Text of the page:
Dear Colleagues,

We celebrate International Women in Engineering Day on Tuesday 23 June 2020. The theme this year is #ShapeTheWorld.

In Australia, about 15% of domestic undergraduate Engineering students are women. Up until now, Australia has relied on skilled migration to fill about half of the demand for Engineers, but migration is now severely curtailed due to COVID-19. We must encourage our government to provide more funding for Engineering education and ensure more women enter our industry.


We are responsible for who we hire

At Monash Engineering, we practice gender-balanced shortlists. We do not progress to interview until we have an equal number of highly qualified and eminently hireable female and male candidates. The results speak for themselves: last year, almost half our new T&R academic hires were female.


We are responsible for who we teach

Twenty-four per cent of our domestic undergraduate students identify as women this semester. This is much higher than the national average, and better than where we were 5 years ago (20%), but it is not good enough. Monash Engineering is committed to achieving gender balance, acknowledging that this will take continued, concerted effort from all our community.

We acknowledge the barriers to participation that girls face before they choose their university preferences. We know numerous studies have shown that girls are excluded from STEM toys, activities and conversations. Young women experience these barriers in their homes and in their schools and in the media. We collaborate with partners in Engineering and Education to improve gender equity because we know that we can not fix these barriers by ourselves.

Our students are committed to #ChangeIt for good. Our student clubs and teams are supported to run meaningful outreach activities to spread engineering awareness and enthusiasm to primary and high school students. We know how much these activities matter, particularly for girls.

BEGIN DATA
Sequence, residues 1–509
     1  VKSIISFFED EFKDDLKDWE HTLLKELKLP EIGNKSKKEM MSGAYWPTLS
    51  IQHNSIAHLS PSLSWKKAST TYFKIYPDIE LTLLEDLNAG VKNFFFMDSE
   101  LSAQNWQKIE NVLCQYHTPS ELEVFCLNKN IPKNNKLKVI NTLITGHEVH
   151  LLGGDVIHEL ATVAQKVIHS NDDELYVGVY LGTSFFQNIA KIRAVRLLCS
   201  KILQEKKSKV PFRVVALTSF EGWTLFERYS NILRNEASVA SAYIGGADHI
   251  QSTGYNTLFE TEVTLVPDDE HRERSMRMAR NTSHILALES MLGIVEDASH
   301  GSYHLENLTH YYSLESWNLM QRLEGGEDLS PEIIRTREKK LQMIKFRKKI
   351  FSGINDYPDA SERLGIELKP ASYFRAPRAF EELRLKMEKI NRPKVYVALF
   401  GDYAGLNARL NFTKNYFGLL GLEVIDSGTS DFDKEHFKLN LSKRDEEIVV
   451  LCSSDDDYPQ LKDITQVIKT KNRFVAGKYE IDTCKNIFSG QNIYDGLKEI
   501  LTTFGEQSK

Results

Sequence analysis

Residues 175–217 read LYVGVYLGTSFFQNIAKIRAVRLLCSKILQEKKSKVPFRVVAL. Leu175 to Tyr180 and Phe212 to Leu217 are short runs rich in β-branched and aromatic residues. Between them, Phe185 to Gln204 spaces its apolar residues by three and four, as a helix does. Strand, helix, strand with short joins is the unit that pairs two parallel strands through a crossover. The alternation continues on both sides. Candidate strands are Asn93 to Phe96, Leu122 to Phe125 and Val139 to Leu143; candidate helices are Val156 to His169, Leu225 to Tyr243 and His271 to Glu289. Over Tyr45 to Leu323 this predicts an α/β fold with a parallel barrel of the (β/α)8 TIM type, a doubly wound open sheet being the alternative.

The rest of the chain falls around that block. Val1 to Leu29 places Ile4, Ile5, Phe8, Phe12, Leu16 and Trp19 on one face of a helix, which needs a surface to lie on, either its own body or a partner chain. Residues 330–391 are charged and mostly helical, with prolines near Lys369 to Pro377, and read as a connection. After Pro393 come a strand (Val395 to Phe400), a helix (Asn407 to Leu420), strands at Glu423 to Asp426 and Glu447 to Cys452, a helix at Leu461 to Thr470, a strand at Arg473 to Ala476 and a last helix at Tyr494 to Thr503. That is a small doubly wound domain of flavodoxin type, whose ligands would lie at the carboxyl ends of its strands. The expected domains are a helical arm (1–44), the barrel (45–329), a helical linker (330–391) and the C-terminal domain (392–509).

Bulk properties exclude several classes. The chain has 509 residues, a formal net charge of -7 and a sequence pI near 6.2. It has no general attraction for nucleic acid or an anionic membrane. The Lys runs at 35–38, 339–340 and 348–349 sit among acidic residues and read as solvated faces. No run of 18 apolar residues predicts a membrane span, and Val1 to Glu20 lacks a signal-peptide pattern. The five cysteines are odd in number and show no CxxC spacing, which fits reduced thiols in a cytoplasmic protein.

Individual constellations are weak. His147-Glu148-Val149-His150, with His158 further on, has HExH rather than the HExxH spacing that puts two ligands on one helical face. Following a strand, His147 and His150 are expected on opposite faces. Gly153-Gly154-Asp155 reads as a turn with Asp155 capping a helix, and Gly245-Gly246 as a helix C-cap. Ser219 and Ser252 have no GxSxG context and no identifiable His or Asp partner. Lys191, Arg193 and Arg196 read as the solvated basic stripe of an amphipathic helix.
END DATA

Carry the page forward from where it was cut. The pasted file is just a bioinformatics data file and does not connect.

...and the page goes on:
We are responsible for our leaders

Monash Engineering values strong collaboration with industry, and these relationships are central to both our education and research. The Dean’s Advisory Council provides independent strategic guidance and experience to support our ambitious goals and strategic plan. Similar advisory boards within each of our Departments provide specific advice to each of our major disciplines.

Our advisory members share their perspective and understanding of how we can meet the needs of society through our academic endeavours. Therefore, it is a priority for our council and board members to reflect the diversity of our society, including an appropriate gender balance. We are proud to report that the gender balance of our councils and boards is now 31%, up from 23% twelve months ago. Our faculty aims to reach at least 40% on all of our external advisory boards over the next 12 months.


We are responsible

As one of the leading Engineering Faculties in Australia, we take responsibility for advancing gender equity in our industry. Our Departmental Diversity and Inclusion committees meet regularly to review our progress across a range of equity measures, including recruitment, workforce, education, research, leadership and training & development.

Our academics have demonstrated commitment to examine and challenge their own bias. Half of our academics have voluntarily completed Inclusive Leadership training, which explores how unconscious bias impacts our decision making. In addition, in the last 12 months we have doubled the number of academic staff who have completed ‘Staff Selection Excellence Training’, designed to ensure that all recruitment activity is fair and equitable.


Engineers #ShapeTheWorld

Engineers do shape our world. Our response to COVID-19 has evidenced this: all branches of Engineering have responded: tracking and analysing data on the impact of COVID-19 on Melbourne; building and modifying respirators; making public spaces safe; developing new Personal Protective Equipment (PPE); testing for infection and antibodies - and much more. We take responsibility to ensure women are included in shaping the our future.


Best regards,

Professor Elizabeth Croft
Dean of Engineering, Monash University